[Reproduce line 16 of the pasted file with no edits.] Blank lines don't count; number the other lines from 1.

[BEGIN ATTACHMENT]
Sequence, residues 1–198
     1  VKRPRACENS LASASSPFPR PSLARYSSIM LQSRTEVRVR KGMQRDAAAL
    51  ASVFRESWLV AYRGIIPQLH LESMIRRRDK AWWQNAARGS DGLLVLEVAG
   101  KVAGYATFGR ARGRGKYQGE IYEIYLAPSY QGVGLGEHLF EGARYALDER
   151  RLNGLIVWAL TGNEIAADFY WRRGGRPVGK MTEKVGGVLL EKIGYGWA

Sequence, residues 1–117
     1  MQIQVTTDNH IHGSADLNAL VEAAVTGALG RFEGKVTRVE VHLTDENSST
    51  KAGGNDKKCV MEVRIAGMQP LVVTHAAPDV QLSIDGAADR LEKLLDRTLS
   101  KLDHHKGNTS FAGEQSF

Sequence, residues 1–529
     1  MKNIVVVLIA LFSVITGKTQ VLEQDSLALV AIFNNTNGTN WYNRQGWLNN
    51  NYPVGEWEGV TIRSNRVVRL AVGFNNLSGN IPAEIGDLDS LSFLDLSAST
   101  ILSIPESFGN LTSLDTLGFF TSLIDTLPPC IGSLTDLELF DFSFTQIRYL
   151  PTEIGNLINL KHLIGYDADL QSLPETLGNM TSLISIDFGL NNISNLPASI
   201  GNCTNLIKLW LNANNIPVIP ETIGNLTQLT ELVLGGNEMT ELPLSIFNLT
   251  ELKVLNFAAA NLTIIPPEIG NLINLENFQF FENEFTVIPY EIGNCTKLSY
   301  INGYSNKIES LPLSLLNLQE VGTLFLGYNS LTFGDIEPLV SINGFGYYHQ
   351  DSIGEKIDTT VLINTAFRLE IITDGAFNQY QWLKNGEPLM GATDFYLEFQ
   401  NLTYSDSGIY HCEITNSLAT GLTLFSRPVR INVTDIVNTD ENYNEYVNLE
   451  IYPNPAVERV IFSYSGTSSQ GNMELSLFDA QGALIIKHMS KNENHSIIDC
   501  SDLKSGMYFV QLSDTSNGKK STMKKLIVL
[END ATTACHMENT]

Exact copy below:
   251  ELKVLNFAAA NLTIIPPEIG NLINLENFQF FENEFTVIPY EIGNCTKLSY